Background: Delirium is the most frequent complication associated with hospitalization of older adults, responsible for 17.5 million additional hospital days in the United States each year; yet, nurses fail to recognize it more than 30% of the time.
Objectives: The specific aim of the study was to measure staff nurses' recognition of delirium in hospitalized older adults by comparing nurse and expert diagnostician ratings for delirium using the Confusion Assessment Method (CAM).
Method: This study investigated the rate of agreement/disagreement between researchers and a convenience sample of 167 nurses caring for 170 medical surgical patients (>65 years) in detecting delirium. Paired (nurse vs researcher) CAM ratings were completed at least every other day until either discharge or delirium was detected by the researcher.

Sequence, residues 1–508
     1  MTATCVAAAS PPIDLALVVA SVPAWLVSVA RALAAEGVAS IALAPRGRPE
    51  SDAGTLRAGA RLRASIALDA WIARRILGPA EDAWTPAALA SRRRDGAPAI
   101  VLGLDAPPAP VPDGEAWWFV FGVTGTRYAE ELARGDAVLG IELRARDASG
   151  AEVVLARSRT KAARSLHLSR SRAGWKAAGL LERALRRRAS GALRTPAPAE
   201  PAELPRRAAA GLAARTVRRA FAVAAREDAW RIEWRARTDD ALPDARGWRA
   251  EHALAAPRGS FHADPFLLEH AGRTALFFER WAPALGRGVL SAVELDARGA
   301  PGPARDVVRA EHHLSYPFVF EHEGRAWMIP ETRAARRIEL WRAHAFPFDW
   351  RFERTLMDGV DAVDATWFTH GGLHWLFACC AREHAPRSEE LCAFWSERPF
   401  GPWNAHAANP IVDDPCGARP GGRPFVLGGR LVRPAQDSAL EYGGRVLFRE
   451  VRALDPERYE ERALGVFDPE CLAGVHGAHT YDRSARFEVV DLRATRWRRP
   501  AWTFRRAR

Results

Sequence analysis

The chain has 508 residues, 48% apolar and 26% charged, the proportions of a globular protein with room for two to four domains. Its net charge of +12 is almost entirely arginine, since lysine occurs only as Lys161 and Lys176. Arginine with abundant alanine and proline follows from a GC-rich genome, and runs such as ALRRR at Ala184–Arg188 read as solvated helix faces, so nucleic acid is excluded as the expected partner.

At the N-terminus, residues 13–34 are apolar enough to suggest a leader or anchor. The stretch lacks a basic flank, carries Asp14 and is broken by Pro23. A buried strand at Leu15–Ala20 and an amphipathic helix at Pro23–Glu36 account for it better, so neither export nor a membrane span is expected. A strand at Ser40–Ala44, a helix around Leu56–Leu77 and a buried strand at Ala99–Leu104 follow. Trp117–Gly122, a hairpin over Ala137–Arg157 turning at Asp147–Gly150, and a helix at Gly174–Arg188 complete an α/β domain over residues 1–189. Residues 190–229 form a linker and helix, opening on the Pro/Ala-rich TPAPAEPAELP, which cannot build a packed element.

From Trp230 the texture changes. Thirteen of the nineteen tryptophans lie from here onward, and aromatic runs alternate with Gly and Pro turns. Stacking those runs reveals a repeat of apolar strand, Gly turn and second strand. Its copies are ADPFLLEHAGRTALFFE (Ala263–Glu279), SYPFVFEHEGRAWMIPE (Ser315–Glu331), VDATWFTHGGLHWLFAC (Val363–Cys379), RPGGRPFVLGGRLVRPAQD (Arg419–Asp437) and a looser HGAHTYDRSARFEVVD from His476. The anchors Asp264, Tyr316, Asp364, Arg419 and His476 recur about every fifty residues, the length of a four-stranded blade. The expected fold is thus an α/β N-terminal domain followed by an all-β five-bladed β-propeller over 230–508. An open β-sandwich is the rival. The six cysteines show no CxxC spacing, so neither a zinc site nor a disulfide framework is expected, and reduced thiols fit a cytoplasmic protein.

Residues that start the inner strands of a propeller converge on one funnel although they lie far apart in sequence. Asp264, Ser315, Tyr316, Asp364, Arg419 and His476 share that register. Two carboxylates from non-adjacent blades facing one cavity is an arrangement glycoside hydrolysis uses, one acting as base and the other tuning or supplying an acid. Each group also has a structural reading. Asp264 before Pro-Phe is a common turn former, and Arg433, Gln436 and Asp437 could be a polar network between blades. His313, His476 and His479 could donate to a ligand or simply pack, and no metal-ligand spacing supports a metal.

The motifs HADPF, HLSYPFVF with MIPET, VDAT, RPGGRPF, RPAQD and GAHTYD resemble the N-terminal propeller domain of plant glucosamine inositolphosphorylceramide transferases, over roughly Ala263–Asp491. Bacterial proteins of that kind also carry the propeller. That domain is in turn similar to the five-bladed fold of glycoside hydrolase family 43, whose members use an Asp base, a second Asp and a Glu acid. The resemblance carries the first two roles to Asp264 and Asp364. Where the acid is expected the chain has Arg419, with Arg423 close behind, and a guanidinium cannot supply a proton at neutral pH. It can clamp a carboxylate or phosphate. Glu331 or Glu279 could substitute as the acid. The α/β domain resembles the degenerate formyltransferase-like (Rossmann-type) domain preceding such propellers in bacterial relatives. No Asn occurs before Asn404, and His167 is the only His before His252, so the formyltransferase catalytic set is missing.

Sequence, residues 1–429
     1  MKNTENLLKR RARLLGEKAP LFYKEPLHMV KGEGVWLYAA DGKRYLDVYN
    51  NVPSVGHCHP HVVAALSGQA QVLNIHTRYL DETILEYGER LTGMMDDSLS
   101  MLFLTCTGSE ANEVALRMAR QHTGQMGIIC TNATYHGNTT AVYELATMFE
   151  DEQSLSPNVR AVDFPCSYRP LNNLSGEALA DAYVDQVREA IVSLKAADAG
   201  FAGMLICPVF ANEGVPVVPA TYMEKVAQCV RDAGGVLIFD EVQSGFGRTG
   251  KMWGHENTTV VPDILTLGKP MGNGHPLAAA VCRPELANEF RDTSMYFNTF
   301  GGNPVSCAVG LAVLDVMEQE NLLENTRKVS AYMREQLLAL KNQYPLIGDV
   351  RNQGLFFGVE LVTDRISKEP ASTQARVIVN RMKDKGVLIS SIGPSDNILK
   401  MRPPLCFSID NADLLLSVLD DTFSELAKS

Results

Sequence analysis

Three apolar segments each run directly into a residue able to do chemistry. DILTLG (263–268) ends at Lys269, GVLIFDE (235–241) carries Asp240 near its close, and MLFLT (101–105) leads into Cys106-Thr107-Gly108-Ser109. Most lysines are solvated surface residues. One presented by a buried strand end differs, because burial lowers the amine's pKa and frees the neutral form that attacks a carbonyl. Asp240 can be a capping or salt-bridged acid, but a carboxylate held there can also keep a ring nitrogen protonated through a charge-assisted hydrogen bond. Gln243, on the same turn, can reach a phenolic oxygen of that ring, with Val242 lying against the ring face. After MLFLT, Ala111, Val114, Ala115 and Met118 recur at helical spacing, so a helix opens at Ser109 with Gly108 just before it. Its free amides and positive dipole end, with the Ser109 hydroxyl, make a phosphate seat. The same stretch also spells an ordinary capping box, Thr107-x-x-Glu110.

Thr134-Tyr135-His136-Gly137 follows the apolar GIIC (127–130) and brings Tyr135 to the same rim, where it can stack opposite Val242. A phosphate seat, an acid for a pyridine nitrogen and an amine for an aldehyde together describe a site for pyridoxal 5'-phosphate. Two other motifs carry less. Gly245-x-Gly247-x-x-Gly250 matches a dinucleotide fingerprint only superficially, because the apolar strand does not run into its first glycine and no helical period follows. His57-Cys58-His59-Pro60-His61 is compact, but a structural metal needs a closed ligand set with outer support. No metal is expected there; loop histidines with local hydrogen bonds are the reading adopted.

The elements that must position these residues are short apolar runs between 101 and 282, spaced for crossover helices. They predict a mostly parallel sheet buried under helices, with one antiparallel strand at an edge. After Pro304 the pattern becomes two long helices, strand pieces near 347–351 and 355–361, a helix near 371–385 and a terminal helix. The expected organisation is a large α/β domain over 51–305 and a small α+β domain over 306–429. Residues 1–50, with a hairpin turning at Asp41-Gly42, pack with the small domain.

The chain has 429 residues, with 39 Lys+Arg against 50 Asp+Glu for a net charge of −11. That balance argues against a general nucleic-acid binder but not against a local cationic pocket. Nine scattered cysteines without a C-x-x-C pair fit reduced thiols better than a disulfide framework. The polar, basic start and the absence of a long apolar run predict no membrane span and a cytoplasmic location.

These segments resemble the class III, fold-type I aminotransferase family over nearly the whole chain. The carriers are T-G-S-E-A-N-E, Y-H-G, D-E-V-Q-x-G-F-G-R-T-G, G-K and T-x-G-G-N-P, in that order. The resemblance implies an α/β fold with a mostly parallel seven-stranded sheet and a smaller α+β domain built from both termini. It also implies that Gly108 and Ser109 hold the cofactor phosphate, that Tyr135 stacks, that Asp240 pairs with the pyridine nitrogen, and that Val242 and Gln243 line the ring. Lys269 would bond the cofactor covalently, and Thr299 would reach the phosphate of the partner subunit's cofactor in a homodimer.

Results: The researcher detected delirium in 7% (12/170) of patients. Nurses failed to recognize delirium 75% (9/12) of the time, with poor agreement between nurse/researcher for all observations (κ = 0.34). A generalized estimating equation logistic regression model identified independent predictors of nurses' underrecognition of delirium that included increasing age and length of stay, dementia, and hypoactive delirium.
Discussion: Findings provide further support for the significance of nurses' underrecognition of delirium in the hospitalized older adult when using the CAM. Additional research is warranted regarding the clinical decision-making processes that nurses use in assessing acute cognitive changes and in identifying strategies to improve delirium recognition.